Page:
How Romain Grosjean’s life was saved by F1’s Halo safety device he once doubted

Romain Grosjean had been sceptical about the introduction of the halo but two years on, it was a key element in saving his life.

The cockpit safety device divided opinion when it became mandatory for the 2018 season, with Lewis Hamilton among its critics.

Hamilton described the halo as the “worst-looking modification” in the sport’s history but changed his mind following a subsequent safety presentation.

However the aesthetics of the device, with its three prongs which run at approximately head height around the cockpit, continued to court criticism.

Grosjean himself had doubts but following his miraculous escape on Sunday, he said: “I wasn’t for it some years ago but I think it’s the greatest thing that we brought to Formula One and without it I wouldn’t be able to speak to you today.”

Romain Grosjean escaped with minor injuries following his horror crash

Cockpit protection reached the top of the safety agenda in Formula One five years ago following a series of deaths from head trauma.

Justin Wilson was killed by a flying nose cone, Dan Wheldon died after his helmet hit a safety fencing post and F1 ace Jules Bianchi passed away after a collision with the underside of a rescue tractor.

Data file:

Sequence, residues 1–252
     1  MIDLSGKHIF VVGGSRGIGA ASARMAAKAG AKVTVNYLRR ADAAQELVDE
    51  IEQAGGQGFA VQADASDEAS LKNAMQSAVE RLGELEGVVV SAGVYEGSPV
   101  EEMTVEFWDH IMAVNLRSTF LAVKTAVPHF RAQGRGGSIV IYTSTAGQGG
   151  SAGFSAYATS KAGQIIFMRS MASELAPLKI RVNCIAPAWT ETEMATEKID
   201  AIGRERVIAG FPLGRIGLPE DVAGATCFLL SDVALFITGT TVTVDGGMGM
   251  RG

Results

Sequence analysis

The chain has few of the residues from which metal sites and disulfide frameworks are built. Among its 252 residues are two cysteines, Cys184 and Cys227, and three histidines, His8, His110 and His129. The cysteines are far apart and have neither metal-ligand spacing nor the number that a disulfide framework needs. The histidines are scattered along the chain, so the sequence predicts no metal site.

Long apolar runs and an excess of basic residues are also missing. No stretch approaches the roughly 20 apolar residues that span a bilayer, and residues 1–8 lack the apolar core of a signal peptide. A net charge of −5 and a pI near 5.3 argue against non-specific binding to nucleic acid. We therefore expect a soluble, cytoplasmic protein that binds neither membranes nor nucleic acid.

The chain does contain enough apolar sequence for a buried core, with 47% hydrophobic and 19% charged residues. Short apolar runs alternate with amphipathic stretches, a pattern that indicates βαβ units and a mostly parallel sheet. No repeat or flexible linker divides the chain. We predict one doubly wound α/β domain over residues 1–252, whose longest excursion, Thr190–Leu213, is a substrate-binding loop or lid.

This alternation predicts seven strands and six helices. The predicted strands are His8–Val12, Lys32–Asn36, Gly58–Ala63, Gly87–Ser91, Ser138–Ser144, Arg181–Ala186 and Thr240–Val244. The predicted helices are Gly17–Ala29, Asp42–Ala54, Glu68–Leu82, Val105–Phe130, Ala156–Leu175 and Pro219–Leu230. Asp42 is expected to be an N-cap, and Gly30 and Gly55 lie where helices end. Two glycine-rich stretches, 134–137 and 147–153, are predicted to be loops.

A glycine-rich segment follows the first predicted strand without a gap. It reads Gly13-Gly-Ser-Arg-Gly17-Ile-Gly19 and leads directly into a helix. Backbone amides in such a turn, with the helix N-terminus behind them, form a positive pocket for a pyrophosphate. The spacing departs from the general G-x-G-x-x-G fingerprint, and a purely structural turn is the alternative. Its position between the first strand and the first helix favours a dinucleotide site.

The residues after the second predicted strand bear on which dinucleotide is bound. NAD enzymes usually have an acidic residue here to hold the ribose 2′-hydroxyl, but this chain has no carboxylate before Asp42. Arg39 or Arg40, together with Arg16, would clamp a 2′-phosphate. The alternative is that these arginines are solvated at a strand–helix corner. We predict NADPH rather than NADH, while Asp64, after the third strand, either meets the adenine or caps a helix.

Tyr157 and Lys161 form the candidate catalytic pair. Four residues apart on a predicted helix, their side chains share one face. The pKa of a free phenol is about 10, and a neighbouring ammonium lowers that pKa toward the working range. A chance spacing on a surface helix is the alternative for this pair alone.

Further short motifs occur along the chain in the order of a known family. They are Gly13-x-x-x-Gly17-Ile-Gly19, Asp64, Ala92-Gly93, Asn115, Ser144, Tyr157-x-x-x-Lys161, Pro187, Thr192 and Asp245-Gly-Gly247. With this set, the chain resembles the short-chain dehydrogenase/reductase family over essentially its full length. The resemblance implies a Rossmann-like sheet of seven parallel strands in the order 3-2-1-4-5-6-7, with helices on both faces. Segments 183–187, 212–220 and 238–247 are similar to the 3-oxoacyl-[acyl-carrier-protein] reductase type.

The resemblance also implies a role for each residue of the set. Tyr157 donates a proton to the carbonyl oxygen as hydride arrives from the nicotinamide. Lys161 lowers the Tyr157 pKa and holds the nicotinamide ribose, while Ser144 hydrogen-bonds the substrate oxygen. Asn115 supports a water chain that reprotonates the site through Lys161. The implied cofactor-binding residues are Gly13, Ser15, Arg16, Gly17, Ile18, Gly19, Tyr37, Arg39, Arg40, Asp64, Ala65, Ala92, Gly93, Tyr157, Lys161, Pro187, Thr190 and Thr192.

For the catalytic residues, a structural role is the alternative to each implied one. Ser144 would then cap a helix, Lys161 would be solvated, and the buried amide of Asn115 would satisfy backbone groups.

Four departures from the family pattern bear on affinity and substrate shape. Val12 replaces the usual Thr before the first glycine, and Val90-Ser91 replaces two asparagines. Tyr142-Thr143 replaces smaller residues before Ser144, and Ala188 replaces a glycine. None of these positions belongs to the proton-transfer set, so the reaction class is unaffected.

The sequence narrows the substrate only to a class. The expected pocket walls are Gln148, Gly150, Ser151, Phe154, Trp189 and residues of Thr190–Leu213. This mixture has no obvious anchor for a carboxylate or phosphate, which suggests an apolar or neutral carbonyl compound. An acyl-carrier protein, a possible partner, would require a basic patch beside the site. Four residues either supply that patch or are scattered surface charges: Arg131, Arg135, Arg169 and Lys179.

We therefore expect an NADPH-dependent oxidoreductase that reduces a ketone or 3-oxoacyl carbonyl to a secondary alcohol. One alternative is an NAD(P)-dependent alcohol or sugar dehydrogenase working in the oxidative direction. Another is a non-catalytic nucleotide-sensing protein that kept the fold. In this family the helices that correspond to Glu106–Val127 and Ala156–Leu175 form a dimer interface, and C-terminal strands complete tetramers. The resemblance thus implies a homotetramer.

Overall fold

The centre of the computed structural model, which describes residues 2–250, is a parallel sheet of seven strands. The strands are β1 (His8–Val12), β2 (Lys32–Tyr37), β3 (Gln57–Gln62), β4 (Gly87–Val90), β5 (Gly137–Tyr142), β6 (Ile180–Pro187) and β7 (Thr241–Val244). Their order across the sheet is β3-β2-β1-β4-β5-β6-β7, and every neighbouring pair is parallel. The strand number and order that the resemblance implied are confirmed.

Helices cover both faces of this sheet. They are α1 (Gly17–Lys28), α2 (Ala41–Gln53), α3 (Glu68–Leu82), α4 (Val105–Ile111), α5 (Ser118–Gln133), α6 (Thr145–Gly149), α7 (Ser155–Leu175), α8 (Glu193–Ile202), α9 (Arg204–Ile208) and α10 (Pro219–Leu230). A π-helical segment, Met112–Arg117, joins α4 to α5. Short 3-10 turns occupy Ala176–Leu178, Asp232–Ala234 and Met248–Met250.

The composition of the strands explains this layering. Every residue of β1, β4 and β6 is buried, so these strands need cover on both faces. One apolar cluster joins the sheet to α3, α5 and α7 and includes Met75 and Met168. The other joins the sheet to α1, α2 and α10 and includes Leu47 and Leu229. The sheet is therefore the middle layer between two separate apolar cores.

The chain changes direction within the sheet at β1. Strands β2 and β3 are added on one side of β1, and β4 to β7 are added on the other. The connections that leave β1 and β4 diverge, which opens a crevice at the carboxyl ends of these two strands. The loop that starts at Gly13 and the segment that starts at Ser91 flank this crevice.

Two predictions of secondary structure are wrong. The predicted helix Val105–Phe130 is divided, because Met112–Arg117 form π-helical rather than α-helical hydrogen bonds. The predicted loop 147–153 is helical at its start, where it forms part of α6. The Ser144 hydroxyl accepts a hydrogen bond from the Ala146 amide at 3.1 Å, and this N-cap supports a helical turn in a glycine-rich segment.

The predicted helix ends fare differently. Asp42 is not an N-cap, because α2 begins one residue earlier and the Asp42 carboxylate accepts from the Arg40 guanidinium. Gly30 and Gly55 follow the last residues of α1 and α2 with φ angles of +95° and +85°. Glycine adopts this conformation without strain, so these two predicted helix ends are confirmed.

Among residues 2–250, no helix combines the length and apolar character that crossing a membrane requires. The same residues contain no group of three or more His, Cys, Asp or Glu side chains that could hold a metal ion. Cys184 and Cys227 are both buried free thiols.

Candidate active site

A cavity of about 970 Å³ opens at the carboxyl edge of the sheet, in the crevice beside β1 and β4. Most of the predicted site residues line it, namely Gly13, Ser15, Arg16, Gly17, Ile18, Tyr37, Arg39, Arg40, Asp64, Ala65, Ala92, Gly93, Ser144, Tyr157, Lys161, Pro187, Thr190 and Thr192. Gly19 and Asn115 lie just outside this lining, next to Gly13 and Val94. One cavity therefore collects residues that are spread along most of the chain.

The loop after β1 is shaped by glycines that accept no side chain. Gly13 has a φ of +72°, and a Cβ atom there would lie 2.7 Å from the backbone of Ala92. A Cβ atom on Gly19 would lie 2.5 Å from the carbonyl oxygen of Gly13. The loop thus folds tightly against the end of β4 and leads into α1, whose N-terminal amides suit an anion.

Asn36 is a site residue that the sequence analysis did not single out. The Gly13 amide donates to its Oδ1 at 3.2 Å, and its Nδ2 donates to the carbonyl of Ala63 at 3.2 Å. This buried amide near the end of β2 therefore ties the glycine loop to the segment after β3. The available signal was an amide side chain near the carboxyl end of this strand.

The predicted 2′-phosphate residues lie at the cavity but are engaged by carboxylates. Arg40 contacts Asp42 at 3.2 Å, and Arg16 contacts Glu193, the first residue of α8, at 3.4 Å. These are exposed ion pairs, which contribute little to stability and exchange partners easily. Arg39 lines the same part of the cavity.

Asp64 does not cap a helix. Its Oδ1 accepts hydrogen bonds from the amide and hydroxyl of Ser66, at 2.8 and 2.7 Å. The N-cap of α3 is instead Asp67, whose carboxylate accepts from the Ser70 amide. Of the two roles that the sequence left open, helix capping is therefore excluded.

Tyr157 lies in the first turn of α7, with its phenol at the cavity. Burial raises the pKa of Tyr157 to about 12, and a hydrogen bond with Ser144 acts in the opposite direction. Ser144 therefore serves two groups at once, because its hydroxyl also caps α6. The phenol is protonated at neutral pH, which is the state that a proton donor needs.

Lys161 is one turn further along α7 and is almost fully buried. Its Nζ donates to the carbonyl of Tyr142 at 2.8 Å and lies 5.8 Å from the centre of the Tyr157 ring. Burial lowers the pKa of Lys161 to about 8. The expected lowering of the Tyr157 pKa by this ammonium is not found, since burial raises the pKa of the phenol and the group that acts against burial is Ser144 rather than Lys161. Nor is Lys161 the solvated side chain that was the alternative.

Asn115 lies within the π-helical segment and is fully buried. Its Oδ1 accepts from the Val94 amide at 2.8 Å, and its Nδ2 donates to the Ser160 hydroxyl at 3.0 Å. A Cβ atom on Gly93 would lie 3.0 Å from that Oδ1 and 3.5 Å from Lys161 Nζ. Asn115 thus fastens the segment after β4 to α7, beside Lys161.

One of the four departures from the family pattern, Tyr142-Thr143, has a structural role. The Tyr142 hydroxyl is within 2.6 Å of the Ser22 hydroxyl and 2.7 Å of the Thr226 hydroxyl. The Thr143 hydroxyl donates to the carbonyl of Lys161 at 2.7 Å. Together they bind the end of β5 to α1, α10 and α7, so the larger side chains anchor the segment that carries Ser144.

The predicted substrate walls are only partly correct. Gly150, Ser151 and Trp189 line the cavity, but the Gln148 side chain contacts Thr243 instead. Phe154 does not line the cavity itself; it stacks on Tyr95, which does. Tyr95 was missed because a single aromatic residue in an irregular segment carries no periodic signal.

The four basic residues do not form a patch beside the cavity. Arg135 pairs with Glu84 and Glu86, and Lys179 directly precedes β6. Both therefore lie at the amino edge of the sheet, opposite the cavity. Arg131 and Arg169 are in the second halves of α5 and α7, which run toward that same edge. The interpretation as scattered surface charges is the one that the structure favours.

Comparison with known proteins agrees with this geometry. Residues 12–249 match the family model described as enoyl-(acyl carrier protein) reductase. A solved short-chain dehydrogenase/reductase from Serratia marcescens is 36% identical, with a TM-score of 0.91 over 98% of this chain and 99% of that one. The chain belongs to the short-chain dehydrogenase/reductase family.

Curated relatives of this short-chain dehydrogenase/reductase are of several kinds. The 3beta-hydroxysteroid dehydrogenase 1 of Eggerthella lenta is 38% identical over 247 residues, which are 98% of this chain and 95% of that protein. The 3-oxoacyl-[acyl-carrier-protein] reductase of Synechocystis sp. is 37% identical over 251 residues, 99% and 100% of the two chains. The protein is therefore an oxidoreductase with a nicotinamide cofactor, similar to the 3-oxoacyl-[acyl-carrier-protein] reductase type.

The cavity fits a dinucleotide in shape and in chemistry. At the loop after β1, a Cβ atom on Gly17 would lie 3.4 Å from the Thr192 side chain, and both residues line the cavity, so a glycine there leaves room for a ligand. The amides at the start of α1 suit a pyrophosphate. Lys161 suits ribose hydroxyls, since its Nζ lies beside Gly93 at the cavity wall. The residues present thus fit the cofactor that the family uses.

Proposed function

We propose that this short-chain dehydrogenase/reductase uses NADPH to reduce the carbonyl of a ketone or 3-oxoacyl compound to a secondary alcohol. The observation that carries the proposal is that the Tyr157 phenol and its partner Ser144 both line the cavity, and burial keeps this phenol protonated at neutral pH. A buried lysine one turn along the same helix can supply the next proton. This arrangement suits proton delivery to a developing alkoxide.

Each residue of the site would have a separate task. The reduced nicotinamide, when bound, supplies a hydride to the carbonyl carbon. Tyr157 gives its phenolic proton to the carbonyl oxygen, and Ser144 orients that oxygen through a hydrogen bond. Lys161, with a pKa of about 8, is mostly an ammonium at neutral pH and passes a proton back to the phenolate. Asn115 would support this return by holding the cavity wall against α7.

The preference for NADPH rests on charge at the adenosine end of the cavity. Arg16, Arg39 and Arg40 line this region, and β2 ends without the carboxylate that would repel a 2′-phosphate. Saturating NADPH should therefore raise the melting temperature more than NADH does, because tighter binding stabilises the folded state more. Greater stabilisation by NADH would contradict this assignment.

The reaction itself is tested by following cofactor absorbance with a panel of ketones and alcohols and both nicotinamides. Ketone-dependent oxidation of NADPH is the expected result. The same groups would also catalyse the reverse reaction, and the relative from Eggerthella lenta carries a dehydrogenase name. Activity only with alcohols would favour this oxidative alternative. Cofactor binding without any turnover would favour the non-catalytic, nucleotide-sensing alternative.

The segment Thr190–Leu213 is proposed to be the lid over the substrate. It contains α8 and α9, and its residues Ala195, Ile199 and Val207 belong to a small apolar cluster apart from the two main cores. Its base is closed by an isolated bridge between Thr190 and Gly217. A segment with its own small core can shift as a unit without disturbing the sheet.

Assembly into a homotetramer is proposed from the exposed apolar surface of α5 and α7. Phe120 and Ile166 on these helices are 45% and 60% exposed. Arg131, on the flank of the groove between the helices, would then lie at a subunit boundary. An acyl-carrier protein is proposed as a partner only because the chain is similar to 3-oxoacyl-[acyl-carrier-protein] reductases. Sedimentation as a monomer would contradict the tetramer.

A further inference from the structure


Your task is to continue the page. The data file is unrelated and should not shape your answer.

Several prototypes were tried and tested but ultimately it was the halo designed by Mercedes which was given the green light.

Grosjean, seen here in qualifying in Bahrain, had been sceptical about the halo

The titanium device sits above the driver’s head and can withstand the weight of a double-decker bus.

It is designed to prevent a driver from sustaining serious head injuries and is understood to have taken the impact when Grosjean smashed into the barriers in Bahrain.

The Frenchman was also protected by a new specification of fireproof overalls introduced this year which keep drivers safe for longer.

The titanium device sits above the driver’s head and can withstand the weight of a double-decker bus

On Monday, it emerged that Grosjean’s helmet visor melted as he sat in the burning wreckage of his car following his horrifying crash.

F1 medic Ian Roberts – who was one of the first doctors on the scene – revealed: “He was very shaky and his visor was completely opaque and melted.

“I had to get his helmet off just to check everything was okay.”

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